Lynn Shelton’s Your Sister’s Sister, starring Emily Blunt and Rosemarie DeWitt, will open this year’s Glasgow Film Festival (GFF) on Feb 16. The main festival runs from 16th to 26th February in 16 venues across the city. Meanwhile the Glasgow Youth Film Festival takes place from 5th to 15th February, and the Glasgow Short Film Festival takes place over the weekend from the 9th to the 12th.
Your Sister’s Sister is one of a record number of UK and European premieres at the festival, including UK premieres for romantic comedy The Decoy Bride, the eagerly anticipated Irvine Welsh’s Ecstasy and documentary How To Die In Oregon, about physician-assisted suicide.
Aki Kaurismäki’s award-winning Le Havre will close the festival on Feb 26.
“I think the superb quality and international credentials of the opening and closing galas reflect the very special programme of films and events that we have put together for the 2012 Festival,” said Glasgow Film Festival Co-director Allison Gardner.
Bertrand Tavernier, Dexter Fletcher and Irvine Welsh are among the guests confirmed to attend this year’s festival.
Returning for the seventh year, FrightFest will take place during the festival’s closing weekend (Feb 24-25), featuring ten UK premieres including sci-fi thriller L’arrivo De Wang and Gareth Evans’ critically acclaimed actioner The Raid.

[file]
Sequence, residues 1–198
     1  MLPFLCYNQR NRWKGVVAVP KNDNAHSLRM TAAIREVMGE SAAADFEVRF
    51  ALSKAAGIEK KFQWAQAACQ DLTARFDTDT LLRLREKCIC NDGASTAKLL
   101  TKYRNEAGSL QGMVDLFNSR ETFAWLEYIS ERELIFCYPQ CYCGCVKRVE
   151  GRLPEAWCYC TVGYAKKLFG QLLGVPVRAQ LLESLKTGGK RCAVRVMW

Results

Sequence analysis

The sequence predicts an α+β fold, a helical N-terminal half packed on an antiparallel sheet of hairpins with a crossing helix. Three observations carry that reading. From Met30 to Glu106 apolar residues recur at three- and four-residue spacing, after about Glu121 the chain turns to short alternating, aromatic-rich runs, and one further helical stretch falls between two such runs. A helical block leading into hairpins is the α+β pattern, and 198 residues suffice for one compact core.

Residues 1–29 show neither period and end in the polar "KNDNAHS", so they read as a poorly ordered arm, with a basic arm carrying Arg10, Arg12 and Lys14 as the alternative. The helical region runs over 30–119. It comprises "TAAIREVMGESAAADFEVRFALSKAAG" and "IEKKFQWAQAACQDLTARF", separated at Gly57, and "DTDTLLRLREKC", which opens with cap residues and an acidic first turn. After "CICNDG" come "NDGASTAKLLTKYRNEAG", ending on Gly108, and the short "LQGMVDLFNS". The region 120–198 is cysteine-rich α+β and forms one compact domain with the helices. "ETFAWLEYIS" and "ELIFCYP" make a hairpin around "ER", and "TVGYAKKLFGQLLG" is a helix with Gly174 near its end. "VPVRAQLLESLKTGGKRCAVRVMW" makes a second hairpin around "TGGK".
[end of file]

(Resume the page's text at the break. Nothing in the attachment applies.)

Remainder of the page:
Other threads in this year’s festival include the return of last year’s Superheroes in Glasgow, now in the guise ofKapow!@GFF, dedicated to all things comic and superhero, and the Glasgow Music and Film Festival featuring documentaries, such as The Other F Wordabout punk rockers who have become dads, and live performances from US art rockers High Places and Umberto who will be performing a live soundtrack to a secret film.
Developed in partnership with the Goethe Institut, Welcome To Germany will be 2012’s country focus which will include screenings of Berlin prize-winner Sleeping Sickness (Schlafkrankheit) and Maggie Peren’s Colour of the Ocean (Die Farbe des Ozean). There will also be a weekend of entertainment, inspired by the cabaret movement of Weimar Germany, entitled Weimarvellous.
Scottish work in the festival program comes from the likes of the world premiere of No One But Me, a documentary of jazz singer Annie Ross, and a screening of Alexander Mackendrick’s comedy The Maggie in the unique surroundings of The Tall Ship on the River Clyde.
As previously announced, the festival will also feature a Gene Kelly retrospective to mark the centenary of his birth including screenings of On The Town and Singin’ In The Rain, as well as the opportunity for audiences to join in with the Gene Kelly Ceilidh.
-Ian Sandwell, Screen Daily